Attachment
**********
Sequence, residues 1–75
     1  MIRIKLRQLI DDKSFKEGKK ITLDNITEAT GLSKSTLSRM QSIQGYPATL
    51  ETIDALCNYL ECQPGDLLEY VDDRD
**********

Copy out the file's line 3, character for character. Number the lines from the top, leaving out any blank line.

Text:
    51  ETIDALCNYL ECQPGDLLEY VDDRD